How Publishing a New York Times Essay Changed My Life
The essay was published in the New York Times the weekend of April Fool’s Day, 2017. It seemed fitting because holding that newspaper in my hands felt like some kind of cruel (yet magical) prank. If it weren’t for the black streaks of ink-stained on my fingertips, I’d have thought I was dreaming.
The Modern Love Column has 52 slots a year and thousands of submissions are fighting for that page space. The chances of getting a story published are slim, not power ball jackpot slim but slim nonetheless. Which was why, when I had the opportunity to take a Modern Love class with the editor of the column himself, I signed up immediately. Dan Jones was teaching his first-ever course at Columbia University, where I was getting my MFA at the time.
The class was amazing. Dan was generous with knowledge, gentle with criticism, and somehow he managed to put a room full of nervous, over-eager writers at ease. Week after week, twenty of us squeezed into a lecture room and studied the archives of previously published essays. We dissected each one, trying to uncover why some worked, why some went viral, why others were quietly received and why others caused controversy.
At the end of the semester, each one of us turned in our final papers. He had made it clear that these would all be considered for publication but that it was unlikely. We shouldn’t hold our breath. And yet we did. We had all viciously revised our beginnings, middles, and endings and gripped onto the fact that unlikely did not mean impossible.
Fall break came and went and when we returned to campus, there were whispers in the hallways about who had received feedback and what exactly was said. Word got around that Dan had chosen one essay from our class to publish (read it, it’s amazing) and so the rest of us went back to reading Faulkner and attending agent mixers.
Weeks later, when Dan’s name popped up in my inbox, I was excited to see whether or not he liked what I’d written. While the majority of the class (and the majority of modern love essays) focused on romantic relationships, I thought I would dig deeper into my past and write about the first love of my life, my brother. It was not a sweet story. It was not a happily ever after. There was death and trauma and a lot of silence that needed to be filled in.
“This is a real contender for the column,” he wrote. He asked if I would be open to cutting it down by a few hundred words and working together on revisions and I must have said yes, though I was in an excitement blackout.
I was months away from graduating and nowhere near finishing my book, I was in no hurry to publish. This turned out to be my greatest asset. Our back and forth went on for weeks and then months, it took so long for us to set up that first phone call that Dan changed the subject line of our email to Patience.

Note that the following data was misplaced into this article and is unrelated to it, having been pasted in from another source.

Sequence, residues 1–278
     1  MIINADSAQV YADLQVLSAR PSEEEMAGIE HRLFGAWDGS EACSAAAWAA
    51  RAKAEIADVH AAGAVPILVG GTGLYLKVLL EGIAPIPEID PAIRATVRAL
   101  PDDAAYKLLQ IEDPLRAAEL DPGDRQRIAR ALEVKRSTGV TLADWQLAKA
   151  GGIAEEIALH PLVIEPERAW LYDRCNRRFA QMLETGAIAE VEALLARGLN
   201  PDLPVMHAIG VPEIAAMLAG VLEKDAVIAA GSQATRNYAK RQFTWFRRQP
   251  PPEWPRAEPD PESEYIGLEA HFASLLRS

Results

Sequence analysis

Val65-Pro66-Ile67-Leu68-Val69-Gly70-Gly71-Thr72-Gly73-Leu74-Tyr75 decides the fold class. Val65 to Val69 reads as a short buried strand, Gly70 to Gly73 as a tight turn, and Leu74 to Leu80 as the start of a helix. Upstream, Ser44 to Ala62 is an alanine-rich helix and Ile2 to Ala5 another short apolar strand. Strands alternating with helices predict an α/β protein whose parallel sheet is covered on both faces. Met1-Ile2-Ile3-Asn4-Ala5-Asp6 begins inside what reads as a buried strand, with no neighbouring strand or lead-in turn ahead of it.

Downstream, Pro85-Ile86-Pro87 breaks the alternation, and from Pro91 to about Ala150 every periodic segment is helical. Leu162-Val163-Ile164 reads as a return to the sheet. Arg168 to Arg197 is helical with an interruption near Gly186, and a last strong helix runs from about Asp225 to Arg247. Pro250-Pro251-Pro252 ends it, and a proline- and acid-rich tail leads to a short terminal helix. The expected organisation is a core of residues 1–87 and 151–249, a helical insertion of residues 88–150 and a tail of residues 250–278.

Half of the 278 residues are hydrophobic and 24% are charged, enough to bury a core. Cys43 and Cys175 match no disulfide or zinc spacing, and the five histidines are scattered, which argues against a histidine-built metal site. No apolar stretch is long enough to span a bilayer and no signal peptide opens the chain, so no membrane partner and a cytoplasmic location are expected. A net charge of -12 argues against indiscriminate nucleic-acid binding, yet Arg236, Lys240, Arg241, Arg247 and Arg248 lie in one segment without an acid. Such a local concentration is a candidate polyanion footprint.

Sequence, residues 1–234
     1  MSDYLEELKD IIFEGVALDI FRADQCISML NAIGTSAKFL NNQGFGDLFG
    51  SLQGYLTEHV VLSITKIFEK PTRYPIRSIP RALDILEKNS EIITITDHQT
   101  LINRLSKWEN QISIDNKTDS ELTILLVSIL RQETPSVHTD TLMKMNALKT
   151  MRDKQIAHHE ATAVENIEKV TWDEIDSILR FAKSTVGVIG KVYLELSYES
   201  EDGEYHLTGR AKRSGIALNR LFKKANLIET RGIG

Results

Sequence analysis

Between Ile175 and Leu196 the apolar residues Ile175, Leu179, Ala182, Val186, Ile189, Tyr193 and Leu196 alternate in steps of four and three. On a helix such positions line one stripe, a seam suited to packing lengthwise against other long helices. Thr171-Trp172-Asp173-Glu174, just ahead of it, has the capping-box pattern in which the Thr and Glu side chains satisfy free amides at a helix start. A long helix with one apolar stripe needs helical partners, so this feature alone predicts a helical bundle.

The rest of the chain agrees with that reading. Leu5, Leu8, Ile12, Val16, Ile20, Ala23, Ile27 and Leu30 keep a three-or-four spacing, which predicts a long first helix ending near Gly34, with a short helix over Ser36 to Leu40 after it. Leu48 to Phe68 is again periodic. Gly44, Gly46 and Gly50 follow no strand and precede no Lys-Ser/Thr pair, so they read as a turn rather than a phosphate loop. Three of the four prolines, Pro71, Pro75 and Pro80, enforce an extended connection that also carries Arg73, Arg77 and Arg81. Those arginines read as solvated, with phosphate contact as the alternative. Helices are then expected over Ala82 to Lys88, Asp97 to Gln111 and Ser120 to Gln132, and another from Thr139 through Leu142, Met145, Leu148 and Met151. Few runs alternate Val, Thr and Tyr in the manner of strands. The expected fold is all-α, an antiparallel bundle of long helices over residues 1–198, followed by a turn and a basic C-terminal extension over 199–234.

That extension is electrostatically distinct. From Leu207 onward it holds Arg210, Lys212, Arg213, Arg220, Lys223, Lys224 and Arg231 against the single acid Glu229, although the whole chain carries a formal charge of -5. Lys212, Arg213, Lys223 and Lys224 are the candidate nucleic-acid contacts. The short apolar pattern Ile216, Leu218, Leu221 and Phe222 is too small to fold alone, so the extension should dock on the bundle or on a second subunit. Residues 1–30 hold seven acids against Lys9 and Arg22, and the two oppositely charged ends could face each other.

But when we finally got on the phone, it all happened very quickly. Edits. Revisions. Fact checking. Copy editing. “How do you want your bio to read?” he asked. It was an easy question that I’d never thought about. Was I a student? Was I a Colombian writer? What did I want people to know about me? We settled on:
Jessica Ciencin Henriquez, a writer in New York City, is working on a memoir.
When the essay went live online, I was in Montauk with my family. I had intentionally taken the weekend to disconnect because when your life is about to change, you can feel the chaos brewing and there’s something very beautiful about taking a deep breath before everything explodes.
And explode it did. When I finally opened up my inbox, what awaited me was what every writer daydreams about. Dozens of emails from agents and editors and film producers. “I would love to purchase the U.S. rights to your book,” one Random House editor wrote. I thought, great! What are rights? And also…what book? I was nowhere near finished with it. This was all wonderful, though, every single second of it.
But what I never once considered was what the readers might say. I’d published personal essays before and survived by vowing to never look at the comments. But Dan had closed the comments section on my story and still, somehow readers found their way to me.
Hundreds of emails poured in over the next month, people from all over the world who had read the column through tears, who had shared it with their spouse, with their friends. Strangers messaged me daily to say: this happened to me too, I was just like you, or I was just like your brother, or I was just like the driver. These strangers shared with me their own stories of pain and sibling-hood and trauma and healing—I had opened up my heart to millions of readers about my family’s silence and in return, they matched my vulnerability.
I read each word they wrote. I cried over their losses, over their bravery and their shame. And months later, when the messages had slowed to a trickle, my motivations had changed. I wanted to help these people tell their own stories, I wanted to teach them how to dissect their own memories to find the truth and share it with the world.
The book is almost done; the film will likely take years to come; the opportunities from publishing that essay continue to surprise me, but nothing has surprised me more than finding this desire inside of me to teach, to lead, to guide.
Jessica Ciencin Henriquez is a Colombian-American writer and editor. Her personal essays and narrative journalism have appeared in the New York Times’ Modern Love column, Self Magazine, Cosmopolitan, Teen Vogue, Marie Claire, among others. Her essays have also been featured in multiple anthologies, most recently: Oprah's Little Guide to The Big Questions. Jessica holds an MFA from Columbia University and a BA in elementary education/child studies from East Carolina University. Her forthcoming memoir is If You Loved Me You Would Know.